Oldest stockbrokerage lists on JSE
Chair of Barita Investments limited, Rita Humphrey-Lewin, affixes the Barita sign to the listing board of the Jamaica Stock Exchange, last Thursday. In the background is Curtis Martin, chairman of the Jamaica Stock Exchange.
Barita Investments Limited made its debut on the Jamaica Stock Ex-change (JSE) Thursday, three decades after its founding by Rita Humphries-Lewin.
The securities firm's 445,001,824 ordinary shares, which were listed at $2.50 per unit, will trade under the symbol BIL, while its 99,900,000 series 'A' preference shares will bear the symbol BILVPA, and its 'B' prefs, numbering 4,540,000, will trade as BILVP.
Each class of prefs was listed at $3.
The ordinary stock traded up 30 cents, or 12 per cent to $2.80, but traded flat Friday.
The listing follows an initial public offering in December that raised $420 million of equity capital for Barita, way short of its $1.1 billion target.
It is the seventh of the 11 broker members of the JSE to list, or whose parent operations are listed.
ja needs debt exchange
Humphries-Lewin, who chairs Barita and remains its principal shareholder, was upbeat about her company's prospects in 2010, despite the relatively low take-up of the IPO that was to fund the company's expansion.
Speaking more broadly on the Jamaican economy, Humphries-Lewin, who founded Barita in 1977, offered support for the new Jamaica Debt-Exchange programme.
"We needed the debt exchange badly," she said.
"We know we will have to make some adjustments in the beginning. But, we can't continue to borrow to pay our bills. In the industry, every-body is in support. You recognise that if there is no change we will suffer in the long run."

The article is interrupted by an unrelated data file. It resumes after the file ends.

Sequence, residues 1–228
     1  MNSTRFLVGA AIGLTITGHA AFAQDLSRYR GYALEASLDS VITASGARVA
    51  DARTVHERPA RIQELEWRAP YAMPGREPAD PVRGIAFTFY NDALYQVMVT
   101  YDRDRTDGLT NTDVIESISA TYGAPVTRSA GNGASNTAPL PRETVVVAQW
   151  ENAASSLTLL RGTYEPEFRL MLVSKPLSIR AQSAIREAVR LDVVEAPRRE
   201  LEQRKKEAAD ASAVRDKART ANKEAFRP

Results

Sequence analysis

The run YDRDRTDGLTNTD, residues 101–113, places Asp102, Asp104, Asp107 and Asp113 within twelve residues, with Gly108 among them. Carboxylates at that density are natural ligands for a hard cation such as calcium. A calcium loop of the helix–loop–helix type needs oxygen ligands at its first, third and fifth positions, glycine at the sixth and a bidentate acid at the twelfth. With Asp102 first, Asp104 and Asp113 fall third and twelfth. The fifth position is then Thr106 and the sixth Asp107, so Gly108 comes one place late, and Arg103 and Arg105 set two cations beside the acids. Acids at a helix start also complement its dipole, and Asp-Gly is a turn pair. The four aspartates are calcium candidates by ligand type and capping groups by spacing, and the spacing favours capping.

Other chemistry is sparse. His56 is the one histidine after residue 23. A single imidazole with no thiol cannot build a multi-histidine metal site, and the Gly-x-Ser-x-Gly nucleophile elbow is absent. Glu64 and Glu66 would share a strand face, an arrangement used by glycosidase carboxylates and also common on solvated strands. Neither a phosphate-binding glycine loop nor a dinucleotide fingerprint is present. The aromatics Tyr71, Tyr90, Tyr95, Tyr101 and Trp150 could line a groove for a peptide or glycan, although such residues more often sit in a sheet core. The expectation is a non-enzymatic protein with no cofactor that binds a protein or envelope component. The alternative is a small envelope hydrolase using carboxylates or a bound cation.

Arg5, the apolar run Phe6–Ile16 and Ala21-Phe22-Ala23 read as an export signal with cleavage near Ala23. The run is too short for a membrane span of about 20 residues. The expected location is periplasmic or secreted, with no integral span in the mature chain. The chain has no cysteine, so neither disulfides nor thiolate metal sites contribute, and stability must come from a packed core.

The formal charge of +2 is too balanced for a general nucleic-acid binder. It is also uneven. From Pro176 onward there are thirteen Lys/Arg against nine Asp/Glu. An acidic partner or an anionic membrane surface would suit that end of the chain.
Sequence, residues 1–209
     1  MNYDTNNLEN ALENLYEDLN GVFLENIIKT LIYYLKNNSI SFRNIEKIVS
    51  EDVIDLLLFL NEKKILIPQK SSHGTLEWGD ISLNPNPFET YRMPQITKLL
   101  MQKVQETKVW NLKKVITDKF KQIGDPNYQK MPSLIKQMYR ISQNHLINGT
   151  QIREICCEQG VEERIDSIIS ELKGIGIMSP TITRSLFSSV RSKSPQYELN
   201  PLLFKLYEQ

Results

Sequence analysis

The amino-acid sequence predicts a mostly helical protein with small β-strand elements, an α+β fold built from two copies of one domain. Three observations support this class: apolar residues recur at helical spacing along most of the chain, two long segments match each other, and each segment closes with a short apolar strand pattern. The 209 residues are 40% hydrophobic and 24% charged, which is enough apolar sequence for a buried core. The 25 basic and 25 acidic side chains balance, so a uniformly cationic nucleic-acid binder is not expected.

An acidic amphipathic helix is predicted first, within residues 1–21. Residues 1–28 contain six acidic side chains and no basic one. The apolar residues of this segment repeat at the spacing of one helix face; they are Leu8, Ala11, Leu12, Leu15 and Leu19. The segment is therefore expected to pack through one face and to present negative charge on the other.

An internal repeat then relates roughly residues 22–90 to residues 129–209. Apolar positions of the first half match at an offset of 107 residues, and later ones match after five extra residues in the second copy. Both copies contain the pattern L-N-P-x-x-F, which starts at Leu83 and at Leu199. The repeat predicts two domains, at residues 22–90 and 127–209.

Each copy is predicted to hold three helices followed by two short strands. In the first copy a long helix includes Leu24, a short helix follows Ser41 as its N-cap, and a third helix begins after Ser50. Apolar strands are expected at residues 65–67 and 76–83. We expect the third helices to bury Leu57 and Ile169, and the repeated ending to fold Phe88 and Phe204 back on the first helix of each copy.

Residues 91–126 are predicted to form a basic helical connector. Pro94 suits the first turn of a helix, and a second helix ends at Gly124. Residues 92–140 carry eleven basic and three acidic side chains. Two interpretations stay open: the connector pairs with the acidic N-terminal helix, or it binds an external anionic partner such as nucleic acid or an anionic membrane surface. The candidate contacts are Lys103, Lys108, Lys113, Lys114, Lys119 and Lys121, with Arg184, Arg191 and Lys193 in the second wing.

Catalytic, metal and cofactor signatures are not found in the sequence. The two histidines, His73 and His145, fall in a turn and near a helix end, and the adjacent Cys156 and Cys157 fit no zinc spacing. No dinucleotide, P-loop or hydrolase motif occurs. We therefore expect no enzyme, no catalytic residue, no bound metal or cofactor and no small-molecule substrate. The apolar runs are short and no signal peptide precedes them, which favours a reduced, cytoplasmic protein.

Lewin said the take-up of the Barita IPO was enough to satisfy stock exchange rules of a minimum 20 per cent public ownership, with 22.5 per cent of ordinary shares 100 per cent of preference shares now held by minority partners.
Humphries-Lewin said the limited take-up of the share offer would not affect the company's plans to expand its unit trust offerings, develop individual retire accounts (IRAs) and trading in foreign securities.
She added that the company had the option of going back to the market, or securing capital by other means.
"Capital is easy to come by," said Humphries-Lewin, adding that the IPO was not so much about raising money for the firm but to gain that 20 per cent equity participation required to list.
The company currently has $11.8 billion in assets and an $849 million capital base.
Barita's capital adequacy ratio now stands at 54 per cent, five-fold the 10 per cent required by the Financial Services Commission, and a capital ratio of 91 per cent, or nearly two times the 50 per cent tier one capital requirement.